How artificial intelligence is fighting the coronavirus

The development of artificial intelligence (AI) is experiencing a boiling moment. According to the report Digital Society in Spain in 2019, by the Telefónica Foundation, one in 12 European startups that year focused their activity around this technology, a proportion that in 2013 was only one in 50. The majority work around to the category that the report defines as “necessary”: they develop systems around facial recognition, e-commerce search or image and medical diagnostics. This last typology, that of health technologies, brings together a fifth of emerging companies.

The trend has only increased in the context of covid-19. Experts predict a boom in the search for health and logistics solutions based on artificial intelligence. How is this technology helping to combat the pandemic?

Prediction of ICU beds for the Basque Health System

It is precisely in the field of health that some of the applications with the greatest practical impact are taking place., a Basque artificial intelligence company –considered among the 10 most important in the world in this field by various specialized publications–, has developed a platform so that health authorities can estimate the number of ICU beds needed throughout a week. An essential calculation for hospital logistics and to avoid the overflow scenes that were experienced in some territories.

“We believed that artificial intelligence could be important to combat the pandemic and we began to work hand in hand with the Basque Health Service,” explains Xabi Uribe-Etxebarria, founder and CEO of the company. The team began to shape a predictive model by feeding it with data from Italy, the only ones existing at the time, originating from regions similar in demography to the Basque Country. “First we calculate the data by province and by hospital,” continues Uribe-Etxebarria. “Later we created a platform that could be consulted virtually and we added functionalities. For example, how would the number of deaths and the number of infected evolve or where would the new outbreaks of the pandemic be ”.

The platform calculates the number of ICU beds needed within seven days and analyzes patterns and trends in the evolution of the virus, a fundamental aspect so that health workers can react in time. It also predicts the number of mild hospitalizations, which would allow, for example, to set up a specific hospital for this class of patients.

“The ICUs have not been saturated. The work of the health authorities and the health service has been tremendous. We have all gone out of our way to do this in weeks, ”Uribe-Etxebarría rejoices. develops conversational systems, recommendation, content analysis and detection of fake news and application of artificial intelligence in data privacy. “We are at the beginning of a new era in which we are going to coexist with AI. Many times we associate it with futuristic robots, but it is applied in everyday life and has the ability to solve urgent challenges for humanity ”, he argues. “It is present when we unlock the mobile with the fingerprint or facial recognition, when we pay for parking and the barrier is opened, or in health applications that detect cancers. It is a complement to the human, not a substitute ”.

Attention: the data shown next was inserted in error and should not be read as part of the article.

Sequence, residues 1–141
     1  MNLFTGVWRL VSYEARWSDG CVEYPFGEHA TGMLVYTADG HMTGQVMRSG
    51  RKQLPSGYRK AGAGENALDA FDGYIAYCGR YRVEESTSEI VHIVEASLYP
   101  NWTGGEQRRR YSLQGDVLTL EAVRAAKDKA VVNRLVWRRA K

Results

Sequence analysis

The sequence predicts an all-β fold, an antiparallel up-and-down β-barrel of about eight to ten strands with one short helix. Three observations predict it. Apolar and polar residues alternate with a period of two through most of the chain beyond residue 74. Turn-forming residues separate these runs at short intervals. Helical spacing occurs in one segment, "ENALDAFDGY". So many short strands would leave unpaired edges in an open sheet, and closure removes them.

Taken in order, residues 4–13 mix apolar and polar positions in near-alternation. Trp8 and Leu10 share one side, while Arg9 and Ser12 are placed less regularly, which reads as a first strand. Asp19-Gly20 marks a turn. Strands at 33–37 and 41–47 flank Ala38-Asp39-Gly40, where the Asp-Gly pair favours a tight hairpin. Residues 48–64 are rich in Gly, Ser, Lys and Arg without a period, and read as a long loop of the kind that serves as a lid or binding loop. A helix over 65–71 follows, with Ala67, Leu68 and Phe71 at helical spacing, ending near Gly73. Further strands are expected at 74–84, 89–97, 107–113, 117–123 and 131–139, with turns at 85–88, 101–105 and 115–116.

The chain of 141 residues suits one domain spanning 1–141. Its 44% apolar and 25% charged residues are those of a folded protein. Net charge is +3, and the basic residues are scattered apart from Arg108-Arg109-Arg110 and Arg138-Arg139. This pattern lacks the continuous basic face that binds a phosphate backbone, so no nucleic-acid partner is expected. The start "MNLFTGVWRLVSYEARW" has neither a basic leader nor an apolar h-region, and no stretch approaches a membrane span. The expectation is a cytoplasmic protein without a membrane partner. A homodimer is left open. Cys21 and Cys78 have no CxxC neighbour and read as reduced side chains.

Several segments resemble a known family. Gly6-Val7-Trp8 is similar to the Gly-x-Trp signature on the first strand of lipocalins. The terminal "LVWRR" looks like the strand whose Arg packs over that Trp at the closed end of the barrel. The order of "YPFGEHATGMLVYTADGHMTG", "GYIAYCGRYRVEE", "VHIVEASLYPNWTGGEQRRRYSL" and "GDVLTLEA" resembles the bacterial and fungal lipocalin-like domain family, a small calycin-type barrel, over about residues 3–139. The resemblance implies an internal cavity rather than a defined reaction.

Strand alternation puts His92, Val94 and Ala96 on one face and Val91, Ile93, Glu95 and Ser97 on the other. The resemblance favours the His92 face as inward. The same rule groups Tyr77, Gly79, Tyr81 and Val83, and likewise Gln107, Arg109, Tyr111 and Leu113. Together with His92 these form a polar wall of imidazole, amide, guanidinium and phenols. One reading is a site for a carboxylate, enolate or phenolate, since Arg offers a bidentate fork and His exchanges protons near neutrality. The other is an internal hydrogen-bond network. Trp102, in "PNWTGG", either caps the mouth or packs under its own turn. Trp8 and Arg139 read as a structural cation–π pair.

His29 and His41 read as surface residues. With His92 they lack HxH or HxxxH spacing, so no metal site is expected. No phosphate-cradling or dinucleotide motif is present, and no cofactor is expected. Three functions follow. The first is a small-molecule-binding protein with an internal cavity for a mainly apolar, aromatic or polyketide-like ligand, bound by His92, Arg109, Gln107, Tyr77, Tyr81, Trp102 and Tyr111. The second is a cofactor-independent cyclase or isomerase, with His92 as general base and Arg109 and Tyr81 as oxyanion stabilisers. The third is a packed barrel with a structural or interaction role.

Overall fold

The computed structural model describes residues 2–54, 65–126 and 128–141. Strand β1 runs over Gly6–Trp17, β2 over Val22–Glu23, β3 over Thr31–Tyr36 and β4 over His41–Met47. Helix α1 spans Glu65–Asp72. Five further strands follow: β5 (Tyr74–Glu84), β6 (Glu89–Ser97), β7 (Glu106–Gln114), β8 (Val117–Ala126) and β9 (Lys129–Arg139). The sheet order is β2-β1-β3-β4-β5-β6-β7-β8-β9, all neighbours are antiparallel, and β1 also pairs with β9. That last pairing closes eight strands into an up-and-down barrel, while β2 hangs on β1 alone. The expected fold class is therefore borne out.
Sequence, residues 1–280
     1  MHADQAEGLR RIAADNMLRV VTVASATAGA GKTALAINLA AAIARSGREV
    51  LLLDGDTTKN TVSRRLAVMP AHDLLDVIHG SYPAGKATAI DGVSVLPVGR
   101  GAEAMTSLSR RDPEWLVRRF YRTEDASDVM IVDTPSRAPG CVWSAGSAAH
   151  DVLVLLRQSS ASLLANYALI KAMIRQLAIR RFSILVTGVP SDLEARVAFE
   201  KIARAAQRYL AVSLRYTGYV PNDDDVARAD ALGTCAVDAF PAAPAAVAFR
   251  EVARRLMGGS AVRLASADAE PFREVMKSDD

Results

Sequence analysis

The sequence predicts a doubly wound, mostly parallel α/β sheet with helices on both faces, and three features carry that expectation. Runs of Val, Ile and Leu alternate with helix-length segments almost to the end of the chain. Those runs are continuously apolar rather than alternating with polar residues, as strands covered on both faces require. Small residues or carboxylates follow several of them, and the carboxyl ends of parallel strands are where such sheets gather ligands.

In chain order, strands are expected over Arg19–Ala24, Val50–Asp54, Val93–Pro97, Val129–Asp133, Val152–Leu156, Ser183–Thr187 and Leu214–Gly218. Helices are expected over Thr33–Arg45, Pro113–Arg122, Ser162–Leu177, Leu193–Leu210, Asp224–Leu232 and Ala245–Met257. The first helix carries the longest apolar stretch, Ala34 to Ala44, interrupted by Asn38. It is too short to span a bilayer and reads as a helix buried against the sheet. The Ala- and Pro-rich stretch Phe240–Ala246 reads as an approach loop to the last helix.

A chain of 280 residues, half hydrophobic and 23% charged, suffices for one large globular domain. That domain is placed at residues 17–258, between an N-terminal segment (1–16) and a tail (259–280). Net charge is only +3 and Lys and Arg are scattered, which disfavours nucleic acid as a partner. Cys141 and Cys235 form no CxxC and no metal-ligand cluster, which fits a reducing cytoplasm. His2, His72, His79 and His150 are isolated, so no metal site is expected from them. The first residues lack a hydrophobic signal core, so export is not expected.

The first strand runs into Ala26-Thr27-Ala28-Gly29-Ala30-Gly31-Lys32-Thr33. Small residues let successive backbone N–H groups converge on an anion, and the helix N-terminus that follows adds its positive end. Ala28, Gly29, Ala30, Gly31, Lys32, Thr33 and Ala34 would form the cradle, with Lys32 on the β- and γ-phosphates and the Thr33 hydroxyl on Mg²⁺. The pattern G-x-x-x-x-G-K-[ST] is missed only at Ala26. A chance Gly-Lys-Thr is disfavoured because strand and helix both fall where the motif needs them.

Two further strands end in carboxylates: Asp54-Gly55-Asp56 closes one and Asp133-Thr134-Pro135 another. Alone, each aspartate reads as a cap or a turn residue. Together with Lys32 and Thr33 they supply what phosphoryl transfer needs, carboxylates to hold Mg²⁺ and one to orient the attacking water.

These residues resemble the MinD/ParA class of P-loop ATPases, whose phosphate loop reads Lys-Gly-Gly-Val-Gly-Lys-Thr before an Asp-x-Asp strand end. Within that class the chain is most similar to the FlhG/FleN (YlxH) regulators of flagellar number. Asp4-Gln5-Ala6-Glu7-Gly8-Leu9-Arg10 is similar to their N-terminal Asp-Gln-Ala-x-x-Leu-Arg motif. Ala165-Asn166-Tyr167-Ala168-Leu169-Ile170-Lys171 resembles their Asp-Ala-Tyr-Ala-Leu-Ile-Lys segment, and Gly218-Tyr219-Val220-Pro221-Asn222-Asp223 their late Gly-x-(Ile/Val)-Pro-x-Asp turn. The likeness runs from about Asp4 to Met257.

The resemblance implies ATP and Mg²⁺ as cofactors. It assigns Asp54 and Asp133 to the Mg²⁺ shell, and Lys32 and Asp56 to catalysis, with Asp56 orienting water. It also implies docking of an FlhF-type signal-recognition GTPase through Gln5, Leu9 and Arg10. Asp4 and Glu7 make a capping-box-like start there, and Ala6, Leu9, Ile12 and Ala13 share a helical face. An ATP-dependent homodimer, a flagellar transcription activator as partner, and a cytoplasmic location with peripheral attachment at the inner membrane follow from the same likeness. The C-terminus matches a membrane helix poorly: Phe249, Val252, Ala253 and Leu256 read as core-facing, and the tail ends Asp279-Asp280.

Detect the virus with an x-ray

Francisco Herrera, professor of Computer Science and Artificial Intelligence at the University of Granada, set a simple goal for his work: that anyone, by means of a simple X-ray, could know if they had covid-19 or not.

To do this, together with the San Cecilio de Granada Clinical Hospital, his team works with a database of hundreds of X-rays, both of sick and healthy patients. A sea of ​​information from which the AI ​​will learn which X-rays correspond to sick patients, and to what degree, to later be able to analyze any new image.

“The hospital began to create a database of images of patients with a positive PCR test performed, thereby guaranteeing the quality of the sample. On the other hand, we had a set of healthy lung contrast, with a guarantee that there was no covid-19, ”Herrera added.

Currently, the model determines by 81% if a patient has coronavirus. The main advantage of the system is that it works with chest X-rays, a rapid test available throughout the health system, something that would improve diagnostic times. With a CT test, accuracies of more than 90% are obtained, the scientist warns, but it is much more expensive and is only available in large hospitals.

“We want anyone who lives in a town to come to the health center, have an X-ray and that image is analyzed by our system, which will respond with the probability of associated disease,” Herrera details. “Then the complementary tests will be requested and the relevant protocols will be activated.”

The more X-rays, explains the professor, the better the algorithm’s learning and the better the model’s behavior. Herrera underlines the importance of the quality of the images that feed the base. “If you take X-rays from different hospitals, the annotations or colors may vary,” he says. “You have to segment the image and keep the part that collects the lungs to avoid any type of noise.”

The project, at the moment, has seven research teams and six associated hospitals. Herrera hopes that other hospitals will join soon.

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